Then again, I am a post-Frankfurtian in the sense that I no longer believe that any political space is pure nor do I believe that the impurity of an affordance necessarily means that it cannot be used for some kind of pleasure and good (i.e. thus the post-Frankfurtian moment here).   Like the academy, or modernity, or capitalism, or telephones, or Google, or the local YMCA (to come up with an assortment of random examples that all bring me satisfaction and yet share a certain institutional investments I question), Facebook is both exploitative and offensive to me because of that---and a source of great pleasure that, in an impure way, is also "free."   (Of course my data is being mined so in that sense it is not free, but my data is also mined in many services that I also happen to actually pay for--such as my Visa account or my books purchased on Amazon.)  In other words, Facebook's complicity in business practices I may not like does not keep it from being one of the single most pleasurable sources of diversion in a busy and often entirely solitary day.  Those are not simply contradictions but the kinds of parallel complicit and interwoven conditions that capitalism often sustains.

 

Now, Facebook Versus Twitter?  For me not an antithesis.  I like both.  I tend to enjoy Twitter more as access to all kinds of information and communication.  I tend to enjoy the affective aspects of Facebook.  To be really simple minded, Facebook brings cheer into my life.  It gives me a sense of connection with people who, because of the contingencies of busy lives, I might not normally interact with--we live far away, we have different requirements and responsibilities, we are too darn busy to pick up a phone.  

I have no problem at all with someone not being on Facebook or being post-Facebook.  Lots and lots of my most technologically sophisticated friends have walked away (or tried:  it's hard, maybe impossible!) from Facebook.    My objection isn't to them.  Not at all.  I understand.  And, as I said, people have to find their own ways to negotiate everyday impurity and implication.   What I object to is those who dismiss Facebook, who are even more dismissive of Twitter, and who do so with the characterization that it is trivial, about what one had for lunch today.  Really?  Twitter helped create a world wide attention to human rights violations in Tehran.  Facebook has become one of my best and most insistent political news filters.  And a source of pleasure in a life spent, far too much, in front of a computer screen.  

I'd love to keep this conversation going!   Anyone else for a critique, defense--or both--of Facebook?

 

 

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I am both an academic and a member of the clergy. I find that FB is a great place to:
-- get feedback on ideas I am considering in writing my dissertation. I'll write something about Maimonides and universalism, for example, and get responses from my academic friends
-- receive encouragement as I work: if I post a comment about frustration with the pace of dissertation writing, I'll receive a pep-talk from fellow dissertation writers, two of my aunts and someone I knew from High school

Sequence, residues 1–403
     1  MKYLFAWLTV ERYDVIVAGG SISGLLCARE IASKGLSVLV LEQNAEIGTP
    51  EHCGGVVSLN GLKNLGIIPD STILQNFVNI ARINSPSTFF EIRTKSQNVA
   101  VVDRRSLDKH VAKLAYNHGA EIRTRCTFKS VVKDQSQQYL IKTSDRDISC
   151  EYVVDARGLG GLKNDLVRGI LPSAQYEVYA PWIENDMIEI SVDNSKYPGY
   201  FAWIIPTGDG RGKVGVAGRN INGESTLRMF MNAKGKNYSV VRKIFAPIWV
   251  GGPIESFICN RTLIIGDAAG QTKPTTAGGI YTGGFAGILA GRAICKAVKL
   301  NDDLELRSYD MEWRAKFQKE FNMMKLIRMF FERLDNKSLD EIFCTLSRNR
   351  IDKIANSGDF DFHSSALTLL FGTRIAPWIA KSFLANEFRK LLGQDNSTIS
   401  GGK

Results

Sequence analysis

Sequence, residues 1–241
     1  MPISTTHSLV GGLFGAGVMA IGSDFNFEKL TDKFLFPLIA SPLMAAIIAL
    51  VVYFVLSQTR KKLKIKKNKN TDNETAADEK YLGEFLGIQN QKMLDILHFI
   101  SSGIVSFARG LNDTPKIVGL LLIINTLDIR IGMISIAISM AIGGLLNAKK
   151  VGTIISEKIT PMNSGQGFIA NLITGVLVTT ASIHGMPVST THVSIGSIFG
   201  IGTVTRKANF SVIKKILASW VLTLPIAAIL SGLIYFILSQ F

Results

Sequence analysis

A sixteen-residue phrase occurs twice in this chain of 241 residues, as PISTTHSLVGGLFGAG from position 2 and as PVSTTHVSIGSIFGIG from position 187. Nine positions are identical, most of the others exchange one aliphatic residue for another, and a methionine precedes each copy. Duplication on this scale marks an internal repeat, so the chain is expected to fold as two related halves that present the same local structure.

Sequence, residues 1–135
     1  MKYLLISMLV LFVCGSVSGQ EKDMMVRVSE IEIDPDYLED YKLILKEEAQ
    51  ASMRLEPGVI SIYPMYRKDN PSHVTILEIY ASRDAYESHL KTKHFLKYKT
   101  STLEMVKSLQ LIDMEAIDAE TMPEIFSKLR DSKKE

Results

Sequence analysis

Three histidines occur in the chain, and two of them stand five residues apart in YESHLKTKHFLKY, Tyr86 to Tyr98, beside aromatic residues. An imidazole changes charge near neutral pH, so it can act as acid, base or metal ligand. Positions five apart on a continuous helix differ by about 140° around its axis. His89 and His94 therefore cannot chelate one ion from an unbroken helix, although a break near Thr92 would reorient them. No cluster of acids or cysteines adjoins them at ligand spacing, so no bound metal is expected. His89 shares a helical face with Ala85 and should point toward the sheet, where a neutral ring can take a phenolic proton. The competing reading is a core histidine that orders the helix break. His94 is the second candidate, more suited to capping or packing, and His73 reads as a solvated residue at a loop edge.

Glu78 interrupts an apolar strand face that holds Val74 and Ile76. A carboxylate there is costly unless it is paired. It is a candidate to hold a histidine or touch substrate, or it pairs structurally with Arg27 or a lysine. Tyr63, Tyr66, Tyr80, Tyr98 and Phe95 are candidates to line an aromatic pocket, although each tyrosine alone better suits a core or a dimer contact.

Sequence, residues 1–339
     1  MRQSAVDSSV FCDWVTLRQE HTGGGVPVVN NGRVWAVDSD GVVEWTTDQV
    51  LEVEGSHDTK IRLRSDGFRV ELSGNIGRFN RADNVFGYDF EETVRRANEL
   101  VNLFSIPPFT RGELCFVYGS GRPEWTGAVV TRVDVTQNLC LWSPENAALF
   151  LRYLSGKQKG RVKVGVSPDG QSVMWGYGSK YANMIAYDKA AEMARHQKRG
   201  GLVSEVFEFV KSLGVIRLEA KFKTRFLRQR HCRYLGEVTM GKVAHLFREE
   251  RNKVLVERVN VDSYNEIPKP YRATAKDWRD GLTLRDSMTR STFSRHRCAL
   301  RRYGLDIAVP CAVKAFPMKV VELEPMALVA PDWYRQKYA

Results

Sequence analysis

-- share in the experience of preparing for the holidays. Right now all of my rabbinic friends are posting notes about their progress in writing High Holiday sermons.
-- keep track of political causes
-- hear from folks on the other side of the political spectrum. I am a liberal who grew up in a conservative town, so nearly all of my high school FB friends take a different view of politics.
-- ask about restaurants in a city I plan to visit
But, for privacy reasons, I won't allow any applications to see my data. I have the strictest settings in place to reduce (but not eliminate) mining of my data.

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I won't weigh in about the pleasures or perils of Facebook, because goodness knows one can't escape corporate walled gardens and dataveillance on the web these days. I just found it really interesting to hear from someone who actually uses Facebook as a meaningful online community! My own relationship to Facebook is mostly instrumental: it's a broadcasting and communications device more streamlined than email for keeping in touch with friends and colleagues. I spend very little time actually reading Facebook, or doing anything but replying to messages and comments. I send all my own content to Facebook from outside. I think it's the combination of dispersion and limits: dispersion in the sense that, despite the centralized newsfeed, it organizes information in a cloud and there's no one Facebook to read. Limits in the sense of a very particularized model of "real" identity that is enforced by the discouragement of "fake" accounts and the reciprocal friending requirement.* It's not that I mind being "myself" online, but more fanciful worlds are more appealing -- even twitter, where academics, celebrities, institutions, cats, and TV characters can coexist on the same plane. I'm perfectly satisfied with Facebook, but I'm glad some people are having more fun than I am!